You know the future that people in the 1950s imagined we’d have? Well, it happened. In Tom Barren’s 2016, humanity thrives in a techno-utopian paradise of flying cars, moving sidewalks, and moon bases, where avocados never go bad and punk rock never existed . . . because it wasn’t necessary.
Except Tom just can’t seem to find his place in this dazzling, idealistic world, and that’s before his life gets turned upside down. Utterly blindsided by an accident of fate, Tom makes a rash decision that drastically changes not only his own life but the very fabric of the universe itself. In a time-travel mishap, Tom finds himself stranded in our 2016, what we think of as the real world. For Tom, our normal reality seems like a dystopian wasteland.
But when he discovers wonderfully unexpected versions of his family, his career, and—maybe, just maybe—his soul mate, Tom has a decision to make. Does he fix the flow of history, bringing his utopian universe back into existence, or does he try to forge a new life in our messy, unpredictable reality? Tom’s search for the answer takes him across countries, continents, and timelines in a quest to figure out, finally, who he really is and what his future—our future—is supposed to be.
Writing science fiction always seems like the hardest genre to me–there is always a problem to solve. When done right, the reader is transported directly into an alternate universe; when done wrong, all of the focus goes on the lack of research and the awkwardness or lack of world-building. The author has to be able to explain the problems and solutions well enough for a person like me to at least grasp the concept to make it believable–and also hold up to those smart enough to pick apart the numbers and equations in their heads.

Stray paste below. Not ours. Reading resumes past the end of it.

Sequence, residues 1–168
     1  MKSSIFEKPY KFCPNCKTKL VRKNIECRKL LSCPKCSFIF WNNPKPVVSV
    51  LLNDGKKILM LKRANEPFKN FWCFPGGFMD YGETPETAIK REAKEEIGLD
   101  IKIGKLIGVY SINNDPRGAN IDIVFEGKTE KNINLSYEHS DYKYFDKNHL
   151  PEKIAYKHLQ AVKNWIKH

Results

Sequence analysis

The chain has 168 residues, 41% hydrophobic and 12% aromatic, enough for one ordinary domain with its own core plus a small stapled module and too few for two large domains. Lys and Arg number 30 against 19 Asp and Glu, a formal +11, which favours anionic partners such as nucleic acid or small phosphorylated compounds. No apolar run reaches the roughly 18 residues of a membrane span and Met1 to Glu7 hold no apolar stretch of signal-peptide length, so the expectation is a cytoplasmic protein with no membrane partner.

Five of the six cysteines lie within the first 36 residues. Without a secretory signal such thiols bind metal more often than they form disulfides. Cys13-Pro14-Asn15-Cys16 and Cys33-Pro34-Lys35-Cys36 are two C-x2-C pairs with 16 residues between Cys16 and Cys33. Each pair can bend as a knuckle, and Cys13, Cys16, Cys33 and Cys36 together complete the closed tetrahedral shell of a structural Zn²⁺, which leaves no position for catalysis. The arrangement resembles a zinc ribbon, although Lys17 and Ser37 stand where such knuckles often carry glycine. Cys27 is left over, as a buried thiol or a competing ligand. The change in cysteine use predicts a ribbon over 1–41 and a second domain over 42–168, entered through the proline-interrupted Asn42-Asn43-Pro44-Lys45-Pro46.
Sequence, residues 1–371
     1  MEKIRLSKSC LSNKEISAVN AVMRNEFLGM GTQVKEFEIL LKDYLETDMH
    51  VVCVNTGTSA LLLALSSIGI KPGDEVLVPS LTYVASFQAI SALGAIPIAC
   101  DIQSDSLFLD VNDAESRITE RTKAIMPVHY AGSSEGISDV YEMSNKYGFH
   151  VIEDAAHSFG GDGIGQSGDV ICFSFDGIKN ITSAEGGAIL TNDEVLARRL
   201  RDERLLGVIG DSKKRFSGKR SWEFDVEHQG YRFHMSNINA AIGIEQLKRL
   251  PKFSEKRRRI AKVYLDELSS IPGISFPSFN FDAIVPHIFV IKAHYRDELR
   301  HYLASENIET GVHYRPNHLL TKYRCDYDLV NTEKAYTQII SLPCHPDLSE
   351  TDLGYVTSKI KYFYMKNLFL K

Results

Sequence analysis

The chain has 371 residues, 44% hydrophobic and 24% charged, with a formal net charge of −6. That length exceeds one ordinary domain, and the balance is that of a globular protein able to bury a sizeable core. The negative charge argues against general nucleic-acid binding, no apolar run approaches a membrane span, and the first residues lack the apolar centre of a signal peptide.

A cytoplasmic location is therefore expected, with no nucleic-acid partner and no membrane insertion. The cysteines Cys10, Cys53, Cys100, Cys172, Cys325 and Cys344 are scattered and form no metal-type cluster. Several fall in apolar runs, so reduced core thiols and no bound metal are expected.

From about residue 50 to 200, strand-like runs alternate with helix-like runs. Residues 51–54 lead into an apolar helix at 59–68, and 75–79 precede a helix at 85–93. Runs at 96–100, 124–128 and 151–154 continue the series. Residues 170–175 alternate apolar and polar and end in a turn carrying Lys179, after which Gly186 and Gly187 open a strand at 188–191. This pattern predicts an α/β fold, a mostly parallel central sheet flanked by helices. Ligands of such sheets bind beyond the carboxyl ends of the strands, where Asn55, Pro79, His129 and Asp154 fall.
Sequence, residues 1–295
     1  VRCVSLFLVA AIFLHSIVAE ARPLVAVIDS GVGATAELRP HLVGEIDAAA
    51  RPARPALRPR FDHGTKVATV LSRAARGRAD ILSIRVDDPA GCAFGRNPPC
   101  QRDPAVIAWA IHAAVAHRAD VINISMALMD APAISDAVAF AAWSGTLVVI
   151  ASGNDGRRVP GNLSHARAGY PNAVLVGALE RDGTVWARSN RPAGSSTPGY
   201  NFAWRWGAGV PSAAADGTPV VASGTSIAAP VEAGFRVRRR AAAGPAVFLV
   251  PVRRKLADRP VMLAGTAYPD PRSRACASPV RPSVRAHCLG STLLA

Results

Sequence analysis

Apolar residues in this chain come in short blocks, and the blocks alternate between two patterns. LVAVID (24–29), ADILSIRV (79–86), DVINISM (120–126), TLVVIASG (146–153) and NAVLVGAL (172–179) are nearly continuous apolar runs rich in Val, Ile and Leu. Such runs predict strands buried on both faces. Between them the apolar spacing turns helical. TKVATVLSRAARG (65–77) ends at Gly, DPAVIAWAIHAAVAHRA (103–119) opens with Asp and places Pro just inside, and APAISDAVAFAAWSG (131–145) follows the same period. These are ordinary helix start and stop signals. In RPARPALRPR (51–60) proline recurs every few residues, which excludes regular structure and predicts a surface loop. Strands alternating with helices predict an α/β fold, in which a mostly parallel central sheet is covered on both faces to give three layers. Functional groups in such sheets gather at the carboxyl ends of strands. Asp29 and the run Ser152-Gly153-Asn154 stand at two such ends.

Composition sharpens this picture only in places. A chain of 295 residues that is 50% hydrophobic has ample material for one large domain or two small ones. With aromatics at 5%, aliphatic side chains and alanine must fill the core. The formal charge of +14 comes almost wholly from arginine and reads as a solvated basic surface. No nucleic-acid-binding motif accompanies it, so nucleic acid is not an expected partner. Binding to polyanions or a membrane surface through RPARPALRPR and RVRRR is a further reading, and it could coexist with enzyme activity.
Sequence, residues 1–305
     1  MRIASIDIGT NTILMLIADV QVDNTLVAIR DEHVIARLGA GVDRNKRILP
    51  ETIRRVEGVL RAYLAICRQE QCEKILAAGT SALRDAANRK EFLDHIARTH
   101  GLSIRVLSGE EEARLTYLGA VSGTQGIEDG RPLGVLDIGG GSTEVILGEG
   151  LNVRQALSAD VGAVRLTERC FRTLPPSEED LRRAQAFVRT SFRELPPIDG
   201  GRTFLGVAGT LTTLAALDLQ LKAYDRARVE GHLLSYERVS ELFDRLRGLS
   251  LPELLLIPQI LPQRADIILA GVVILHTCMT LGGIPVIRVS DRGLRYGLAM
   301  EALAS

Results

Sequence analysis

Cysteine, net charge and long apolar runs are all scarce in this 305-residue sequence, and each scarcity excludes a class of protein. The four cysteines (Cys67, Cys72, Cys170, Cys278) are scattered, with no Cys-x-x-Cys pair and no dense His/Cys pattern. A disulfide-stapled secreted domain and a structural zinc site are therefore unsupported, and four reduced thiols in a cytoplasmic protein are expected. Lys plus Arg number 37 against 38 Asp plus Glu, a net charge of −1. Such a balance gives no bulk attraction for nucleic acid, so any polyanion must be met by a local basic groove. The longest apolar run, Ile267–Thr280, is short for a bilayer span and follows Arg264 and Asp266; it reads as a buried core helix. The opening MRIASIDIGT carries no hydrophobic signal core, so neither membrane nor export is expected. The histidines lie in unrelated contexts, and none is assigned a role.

All Our Wrong Todays is science fiction done WELL. I was immediately immersed into Tom’s whorling world of time travel between 2016 and 1965–and I had previously put down two books as DNF because I could not focus on anything. I was in serious danger of a book slump when I picked up Elan Mastai’s first novel. But instead, Tom’s fictional memoir saved both me and his world from total destruction.
This book does have some problems. Everybody in the book is straight, and while there are POC, they are mostly background characters. Also, the relationships are a little sketchy, although the narrator does acknowledge that fact. He knows he’s an awkward guy going about everything the wrong way. Still–they are a bit problematic.
I am conflicted, because I hate “mental illness as a twist”–but I don’t think that is what is being done here. The book is a legit time travel story, but it does unpack some heavy mental illness and domestic abuse issues as a part of the plot. The narrator challenges and discusses them in the text. I can’t explain further without spoiling the book, but I think the author does a really good job of writing these issues in without using them as a plot device.
At first, I thought this was going to be a really great escape book for Inauguration Weekend. And it IS a good one to dive into, for sure. But this one will hit you deep. Can a book be fun, challenging, and heart wrenching all at the same time? Because All Our Wrong Todays certainly makes the effort.
NetGalley and Dutton provided an ARC for unbiased review. This post contains affiliate links.